We will return to further determinations by law and policy of academic freedom later.
Transformative Education and Academic Responsibility
Academic freedom entails academic responsibility. Ultimately, it is the truth sought in academic freedom that determines academic responsibility, which is, as it were, but the reverse side of the coin of academic freedom. In the pursuit of transformative truth, both theoretical and practical, academic responsibility insists on the structures and procedures that assure that academic freedom achieves its end. This is quality assurance. If our education is ultimately transformative of cultures, institutions and individuals, how can the integrity of that transformation be assured at its various stages? Where the pursuit of the transformative truth is necessarily ongoing, because the goal of transformation, the socially just or the ultimately humane society that heals our broken world, is never fully achieved in history, the quality assurance must be ongoing. Among the most demanding forms of quality assurance is accreditation. We know: it is a self-regulating, ongoing, peer-driven relentless pursuit of quality in transformative education, self imposed in academic freedom and responsibility. That is why you and are here today.
With Congressman Roman Romulo in his HB 3993, we affirm that quality necessarily has four dimensions: the verified achievement of government-set minimum standards, the verified achievement of distinguishing excellence, the implementation of the school’s or HEIs vision and mission, and the responsiveness to stakeholders. Quality assurance therefore must be able to assess the school or HEI in relation to these four dimensions. If a school or HEI achieves the imposed minimum standards, then the school can be assessed for various levels of academic excellence. Beyond minimum standards, the school exercises academic freedom in choosing how and where to distinguish itself; in quality assurance this particular exercise of academic freedom may be appreciated. The school is then assessed on how it is able to implement its vision and mission. Finally, the school is assessed on its responsiveness to its stakeholders.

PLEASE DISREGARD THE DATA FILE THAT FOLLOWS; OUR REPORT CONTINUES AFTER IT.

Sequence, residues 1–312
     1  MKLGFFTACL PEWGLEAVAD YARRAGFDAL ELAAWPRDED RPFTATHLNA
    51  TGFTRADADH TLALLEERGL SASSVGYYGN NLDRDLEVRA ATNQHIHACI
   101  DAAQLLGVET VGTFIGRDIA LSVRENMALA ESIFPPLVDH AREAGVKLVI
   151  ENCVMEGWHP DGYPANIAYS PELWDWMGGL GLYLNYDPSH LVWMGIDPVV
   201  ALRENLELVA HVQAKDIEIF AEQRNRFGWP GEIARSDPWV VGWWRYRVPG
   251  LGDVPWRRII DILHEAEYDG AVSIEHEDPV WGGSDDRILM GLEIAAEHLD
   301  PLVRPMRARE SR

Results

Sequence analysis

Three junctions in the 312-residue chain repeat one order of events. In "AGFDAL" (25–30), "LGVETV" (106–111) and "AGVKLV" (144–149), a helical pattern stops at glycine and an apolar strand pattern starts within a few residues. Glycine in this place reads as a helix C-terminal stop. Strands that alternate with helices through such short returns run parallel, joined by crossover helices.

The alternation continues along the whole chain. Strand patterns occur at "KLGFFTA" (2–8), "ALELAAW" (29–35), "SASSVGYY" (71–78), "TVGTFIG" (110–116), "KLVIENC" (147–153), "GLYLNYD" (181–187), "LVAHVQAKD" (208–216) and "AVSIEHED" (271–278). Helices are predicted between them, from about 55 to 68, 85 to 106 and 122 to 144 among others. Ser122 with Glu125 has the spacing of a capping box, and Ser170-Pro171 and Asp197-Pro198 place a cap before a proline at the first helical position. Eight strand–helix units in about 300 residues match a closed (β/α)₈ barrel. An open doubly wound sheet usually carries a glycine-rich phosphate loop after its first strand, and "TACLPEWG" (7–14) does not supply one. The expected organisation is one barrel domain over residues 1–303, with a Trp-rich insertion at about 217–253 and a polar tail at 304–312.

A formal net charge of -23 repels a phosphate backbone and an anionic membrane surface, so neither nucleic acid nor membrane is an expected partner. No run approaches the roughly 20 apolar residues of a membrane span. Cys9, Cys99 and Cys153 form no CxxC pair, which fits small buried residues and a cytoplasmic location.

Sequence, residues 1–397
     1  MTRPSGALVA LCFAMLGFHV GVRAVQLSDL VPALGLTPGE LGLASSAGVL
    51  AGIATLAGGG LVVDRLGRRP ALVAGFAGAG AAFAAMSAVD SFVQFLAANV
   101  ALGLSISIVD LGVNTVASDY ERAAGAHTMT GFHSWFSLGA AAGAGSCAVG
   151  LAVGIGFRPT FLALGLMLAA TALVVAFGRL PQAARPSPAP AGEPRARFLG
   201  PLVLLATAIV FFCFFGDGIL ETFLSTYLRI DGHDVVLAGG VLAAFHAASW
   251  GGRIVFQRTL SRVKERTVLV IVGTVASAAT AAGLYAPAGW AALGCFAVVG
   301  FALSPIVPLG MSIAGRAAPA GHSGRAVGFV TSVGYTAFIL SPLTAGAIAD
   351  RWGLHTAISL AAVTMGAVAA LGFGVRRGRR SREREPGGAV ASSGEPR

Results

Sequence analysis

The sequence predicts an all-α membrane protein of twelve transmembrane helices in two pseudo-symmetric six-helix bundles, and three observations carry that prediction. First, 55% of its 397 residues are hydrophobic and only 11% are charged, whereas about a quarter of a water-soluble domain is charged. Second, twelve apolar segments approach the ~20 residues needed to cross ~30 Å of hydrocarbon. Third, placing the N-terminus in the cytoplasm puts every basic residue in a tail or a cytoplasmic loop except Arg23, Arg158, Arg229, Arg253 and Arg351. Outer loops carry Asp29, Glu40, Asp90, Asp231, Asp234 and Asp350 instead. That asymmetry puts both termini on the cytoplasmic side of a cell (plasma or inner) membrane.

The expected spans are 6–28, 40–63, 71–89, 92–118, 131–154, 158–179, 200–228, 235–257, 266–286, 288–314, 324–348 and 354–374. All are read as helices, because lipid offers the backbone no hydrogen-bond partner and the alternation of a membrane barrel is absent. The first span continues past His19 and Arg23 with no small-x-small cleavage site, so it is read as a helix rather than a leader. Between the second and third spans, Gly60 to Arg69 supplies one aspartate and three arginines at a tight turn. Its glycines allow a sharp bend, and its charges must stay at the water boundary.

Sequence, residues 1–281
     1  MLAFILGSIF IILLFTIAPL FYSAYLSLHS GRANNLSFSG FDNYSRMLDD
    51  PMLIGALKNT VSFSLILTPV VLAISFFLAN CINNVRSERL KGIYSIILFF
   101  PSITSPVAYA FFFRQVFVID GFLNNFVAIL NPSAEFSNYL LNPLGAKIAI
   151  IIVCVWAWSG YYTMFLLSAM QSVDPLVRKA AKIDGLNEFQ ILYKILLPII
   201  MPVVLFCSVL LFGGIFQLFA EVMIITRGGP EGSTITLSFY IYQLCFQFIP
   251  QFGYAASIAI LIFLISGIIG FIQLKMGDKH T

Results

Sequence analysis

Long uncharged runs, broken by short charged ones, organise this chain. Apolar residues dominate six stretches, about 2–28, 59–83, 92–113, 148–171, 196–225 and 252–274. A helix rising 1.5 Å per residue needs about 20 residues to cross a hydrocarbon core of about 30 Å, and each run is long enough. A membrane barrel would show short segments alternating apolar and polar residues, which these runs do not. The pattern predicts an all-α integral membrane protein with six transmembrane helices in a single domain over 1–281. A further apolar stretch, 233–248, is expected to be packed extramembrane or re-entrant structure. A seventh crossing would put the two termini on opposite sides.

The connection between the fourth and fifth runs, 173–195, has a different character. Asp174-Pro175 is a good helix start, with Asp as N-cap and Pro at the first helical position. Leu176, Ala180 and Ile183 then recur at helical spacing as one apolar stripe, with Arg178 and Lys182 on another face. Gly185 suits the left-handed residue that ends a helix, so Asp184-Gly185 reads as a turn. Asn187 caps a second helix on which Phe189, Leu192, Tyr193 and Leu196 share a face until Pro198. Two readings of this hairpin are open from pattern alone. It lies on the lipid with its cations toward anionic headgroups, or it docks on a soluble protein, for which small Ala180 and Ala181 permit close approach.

In this context, one may note that the CMO 46, Sec 6 definition of quality only provides for two of these four dimensions: quality as “fitness for purpose” and quality as “exceptional”. “Fitness for purpose” in CHED’s view requires the “translation of the institutions vision, mission and goals into learning outcomes, programs and systems.” No problem with that. But, “Quality as ‘exceptional’ means either being distinctive, exceeding very high standards, or conformance to a set of standards based on a system of comparability using criteria and ratings.” This definition is unfortunate. The lack of reference to minimum standards as a dimension of quality is a catastrophic omission in CHEd’s understanding of quality. Without recognizing where the minimum is, the criterion goes directly to the exceptional, finding distinctiveness in “exceeding very high standards.” But even these very high standards are not referenced on minimum standards; they are referenced possibly and not definitely on a floating system of “comparability using criteria and ratings.” This is unfortunately not at all clear. The consequence is: the Technical Working Groups, which presumably are supposed to work on minimum standards, come out with optimum standards “exceeding very high standards”. Instead of setting minimum standards, CHED sets optimum standards but calls them minimum. A small circle of normally Manila “experts” from the top schools sets the optimum standards for all. The result is a vitiation of wide-open fields where local academic freedom might be exercised for a single track where all are chasing the same standards down the same road. With the vitiation of academic freedom, creativity and innovativeness are killed; the challenge to step up to the plate to exercise local academic freedom responsibly is dissolved. This is followed by the exceedingly bad habit of higher education administrators waiting for the TWGs and CHED to dictate to them not only the content of their courses but the manner in which they are to be taught. This is of course contrary to the accepted definition of academic freedom where it is left to the HEI to determine, whom may be taught, who may teach, what should be taught, and how it should be taught.